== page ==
Las Posadas is a traditional folk custom celebrated in Mexico at Christmastime. In this version two children, representing Joseph and Mary, search for a place to stay in Bethlehem. They go to a different house each night, asking to be allowed to stay there, but are turned away until the ninth night. At the ninth house they are invited in, and a joyous celebration is held.
This playlet is an adaptation for boys and girls everywhere. It might become a part of a special family Christmas tradition or it could be used as a program in a classroom.
The words of the songs have a special meaning for us today and can be learned easily as they are sung. The accompaniment can be played by an inexperienced musician. You might also talk about the meaning of brotherhood and make up other words that you feel would be more appropriate to your area than the ones here.
After you produce the play in your own language, it might be fun to repeat it in at least one other language such as English, Danish, French, German, Japanese or Spanish.
Translations of these songs (one verse only of “Pilgrim Song”) in these languages are on page 6. You could sing the one translated verse over and over or have someone you know translate other verses.
Arrange the groups representing the nine households around the room. If there are not enough people for nine groups, those assembled could move to different areas of the room to be other households. If there are more people than those needed for Mary, Joseph, and the nine groups, the rest could accompany Joseph and Mary carrying paper lanterns. Costumes and animals can be made from grocery bags (see illustration). Joseph leads the donkey. The sheep should be with the last household group.
Joseph and Mary walk to the first household group, singing the “Pilgrim Song”:
The people of the house are unkind and sing a “Refusal Song”:
At the ninth house, the people sing the “Welcome Song” (to the same melody as the “Refusal Song”). With friendly smiles they take Joseph and Mary by the hands and bring them into their house.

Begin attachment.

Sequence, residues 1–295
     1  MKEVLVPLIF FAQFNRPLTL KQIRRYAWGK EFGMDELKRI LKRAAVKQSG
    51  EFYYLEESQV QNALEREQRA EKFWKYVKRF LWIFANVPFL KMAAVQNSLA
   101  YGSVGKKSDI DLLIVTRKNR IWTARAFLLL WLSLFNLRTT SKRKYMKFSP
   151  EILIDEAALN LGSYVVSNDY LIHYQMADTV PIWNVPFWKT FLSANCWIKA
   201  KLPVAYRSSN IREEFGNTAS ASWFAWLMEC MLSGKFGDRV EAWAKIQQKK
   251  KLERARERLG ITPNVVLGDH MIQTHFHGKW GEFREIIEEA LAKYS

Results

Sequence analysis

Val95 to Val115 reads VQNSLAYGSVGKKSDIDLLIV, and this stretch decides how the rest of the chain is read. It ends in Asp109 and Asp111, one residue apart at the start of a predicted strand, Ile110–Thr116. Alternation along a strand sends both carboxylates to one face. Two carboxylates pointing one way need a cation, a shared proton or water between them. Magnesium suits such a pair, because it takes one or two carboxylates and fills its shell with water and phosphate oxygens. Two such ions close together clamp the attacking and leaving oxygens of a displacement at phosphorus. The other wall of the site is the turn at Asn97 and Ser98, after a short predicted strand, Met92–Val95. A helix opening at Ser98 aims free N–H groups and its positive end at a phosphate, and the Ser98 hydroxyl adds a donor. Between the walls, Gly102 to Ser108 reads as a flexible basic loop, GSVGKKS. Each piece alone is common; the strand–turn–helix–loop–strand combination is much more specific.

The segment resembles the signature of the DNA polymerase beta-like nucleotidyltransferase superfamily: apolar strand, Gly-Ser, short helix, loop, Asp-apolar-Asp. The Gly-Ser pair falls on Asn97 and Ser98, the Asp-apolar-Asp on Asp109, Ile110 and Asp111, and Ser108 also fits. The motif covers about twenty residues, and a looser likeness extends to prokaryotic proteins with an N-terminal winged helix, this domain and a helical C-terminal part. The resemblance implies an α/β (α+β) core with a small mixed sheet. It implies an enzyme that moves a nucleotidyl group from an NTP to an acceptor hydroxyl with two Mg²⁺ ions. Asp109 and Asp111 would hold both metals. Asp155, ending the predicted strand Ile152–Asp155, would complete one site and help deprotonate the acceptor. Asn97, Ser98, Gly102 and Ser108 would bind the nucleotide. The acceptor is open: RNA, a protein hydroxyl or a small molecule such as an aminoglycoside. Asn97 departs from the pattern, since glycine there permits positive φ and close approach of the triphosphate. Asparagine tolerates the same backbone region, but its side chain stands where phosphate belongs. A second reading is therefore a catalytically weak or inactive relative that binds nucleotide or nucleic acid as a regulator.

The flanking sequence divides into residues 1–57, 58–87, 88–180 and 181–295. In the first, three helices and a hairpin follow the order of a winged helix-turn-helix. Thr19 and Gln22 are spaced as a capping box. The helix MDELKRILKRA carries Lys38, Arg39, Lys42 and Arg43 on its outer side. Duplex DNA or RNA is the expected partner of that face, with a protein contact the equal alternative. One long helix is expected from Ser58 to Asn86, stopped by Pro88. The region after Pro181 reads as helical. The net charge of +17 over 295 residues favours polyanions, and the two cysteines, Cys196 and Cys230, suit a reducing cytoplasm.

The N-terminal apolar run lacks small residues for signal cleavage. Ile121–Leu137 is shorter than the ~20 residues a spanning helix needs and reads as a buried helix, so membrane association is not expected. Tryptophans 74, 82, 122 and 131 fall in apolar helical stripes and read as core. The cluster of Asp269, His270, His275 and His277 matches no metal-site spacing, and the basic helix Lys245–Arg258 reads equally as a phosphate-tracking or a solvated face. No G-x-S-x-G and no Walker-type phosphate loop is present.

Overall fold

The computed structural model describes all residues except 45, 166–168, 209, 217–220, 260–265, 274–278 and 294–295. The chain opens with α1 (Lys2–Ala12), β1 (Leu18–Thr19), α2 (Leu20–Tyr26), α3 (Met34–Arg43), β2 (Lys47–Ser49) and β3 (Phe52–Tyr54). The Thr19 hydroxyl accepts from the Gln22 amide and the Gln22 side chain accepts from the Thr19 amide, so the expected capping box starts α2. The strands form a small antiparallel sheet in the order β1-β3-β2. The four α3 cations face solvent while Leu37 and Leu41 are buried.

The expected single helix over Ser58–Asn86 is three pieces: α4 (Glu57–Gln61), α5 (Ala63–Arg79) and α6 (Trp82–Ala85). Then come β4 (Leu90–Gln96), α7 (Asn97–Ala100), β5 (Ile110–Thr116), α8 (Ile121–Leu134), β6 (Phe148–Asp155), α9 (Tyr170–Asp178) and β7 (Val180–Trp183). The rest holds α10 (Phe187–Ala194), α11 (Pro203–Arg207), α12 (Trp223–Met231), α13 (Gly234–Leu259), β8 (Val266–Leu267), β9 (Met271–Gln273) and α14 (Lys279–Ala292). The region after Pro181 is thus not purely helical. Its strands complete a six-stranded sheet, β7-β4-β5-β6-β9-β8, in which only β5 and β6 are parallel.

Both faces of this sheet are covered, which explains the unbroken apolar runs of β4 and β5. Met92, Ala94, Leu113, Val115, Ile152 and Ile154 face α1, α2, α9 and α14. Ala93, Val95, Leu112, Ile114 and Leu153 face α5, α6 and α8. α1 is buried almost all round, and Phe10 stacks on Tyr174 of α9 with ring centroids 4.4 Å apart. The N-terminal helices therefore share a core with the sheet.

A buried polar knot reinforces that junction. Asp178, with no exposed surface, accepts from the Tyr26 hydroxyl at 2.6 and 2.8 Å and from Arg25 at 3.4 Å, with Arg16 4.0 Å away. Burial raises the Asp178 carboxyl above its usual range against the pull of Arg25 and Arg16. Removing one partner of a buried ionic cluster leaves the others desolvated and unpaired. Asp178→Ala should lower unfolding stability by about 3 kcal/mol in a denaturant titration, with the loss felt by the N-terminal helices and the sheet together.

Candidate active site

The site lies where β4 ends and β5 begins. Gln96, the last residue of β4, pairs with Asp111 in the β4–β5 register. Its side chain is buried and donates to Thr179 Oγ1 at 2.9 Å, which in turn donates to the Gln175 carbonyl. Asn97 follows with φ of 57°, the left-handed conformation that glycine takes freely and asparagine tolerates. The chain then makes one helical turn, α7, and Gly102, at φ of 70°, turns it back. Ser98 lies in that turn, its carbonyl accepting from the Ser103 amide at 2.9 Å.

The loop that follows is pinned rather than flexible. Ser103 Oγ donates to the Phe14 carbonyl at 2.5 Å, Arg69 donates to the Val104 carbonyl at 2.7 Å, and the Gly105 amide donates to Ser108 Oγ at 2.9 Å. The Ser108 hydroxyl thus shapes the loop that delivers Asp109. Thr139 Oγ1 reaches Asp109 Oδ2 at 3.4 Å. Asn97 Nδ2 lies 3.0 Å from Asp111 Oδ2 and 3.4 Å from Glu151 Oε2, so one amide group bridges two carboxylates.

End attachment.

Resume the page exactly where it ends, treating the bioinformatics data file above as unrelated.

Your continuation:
Then all the players come together, form a circle facing Mary and Joseph who are in the center, and sing the “Welcome Song.” As they do so, they go through welcoming motions:
Enter in and welcome—all walk to center and raise hands high to make a star as on a Christmas tree.
We’ll be friends with you—take steps backward with hands going down and out, to resemble the lower branches of a Christmas tree.
We are all God’s children—walk to center again, raising hands high.
So we love you, too—drop arms around those on each side and form a tight circle of love.
Canción De Los Viajeros (Pilgrim)
La Bienvenida (Welcome)
Le Chant du Pelerin (Pilgrim)
L’Air Du Refus (Refusal)
Chant de Bienvenue (Welcome)
Kangei No Ata (Welcome)
Christmas Playlet Costumes
Costume suggestions by Michael Johnson, age 10; Tami Boehm, age 10; Jay Wolf, age 10; Laura Harris, age 9; Jeff Freeland, age 8; and Jon Harris, age 6, all from Camarillo, California.
You will need: large, brown paper sacks, crayons, colored paper, paste, tape, scissors, and stapler. Look carefully at illustrations for help in making costumes.
Veil: Cut circle in middle of sack for face. Cut half circle in top of sack, cut openings on sides for arms, and decorate with crayons.
Coat: Cut hole in side of sack at bottom for head to fit through. Then cut slit up front of sack to head opening. Cut openings on sides for arms, then color.
Cap: Measure head size and cut strip of paper 6″ wide and long enough to fit head when two ends are joined. Cut 3″ slits down the length of paper about 2″ apart. Staple slits overlapping each other, and then tape two ends of paper strip together.
Donkey: Cut eye and nose openings in front of sack. Ears are cut out of sides of sack and folded to stick out. Add clipped paper for mane and then color.
Tunic: Cut square opening in sack at top, cut square in each side for armholes, and color.
Head: Cut eye and arm openings in sack and add paper strips curled around pencil for mustache.
Turban: Cut opening in front of sack for face and opening in back for back of head, then color.